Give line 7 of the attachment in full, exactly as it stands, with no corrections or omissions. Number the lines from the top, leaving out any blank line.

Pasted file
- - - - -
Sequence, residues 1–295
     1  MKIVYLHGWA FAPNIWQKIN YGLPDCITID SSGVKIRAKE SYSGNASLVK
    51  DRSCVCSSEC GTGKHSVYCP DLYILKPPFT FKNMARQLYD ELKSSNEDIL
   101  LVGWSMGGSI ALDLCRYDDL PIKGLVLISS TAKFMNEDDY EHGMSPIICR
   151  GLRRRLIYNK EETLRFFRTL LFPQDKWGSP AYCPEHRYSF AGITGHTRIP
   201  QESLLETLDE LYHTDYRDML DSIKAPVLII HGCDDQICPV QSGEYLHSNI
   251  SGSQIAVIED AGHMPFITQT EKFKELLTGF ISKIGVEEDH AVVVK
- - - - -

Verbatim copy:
   251  SGSQIAVIED AGHMPFITQT EKFKELLTGF ISKIGVEEDH AVVVK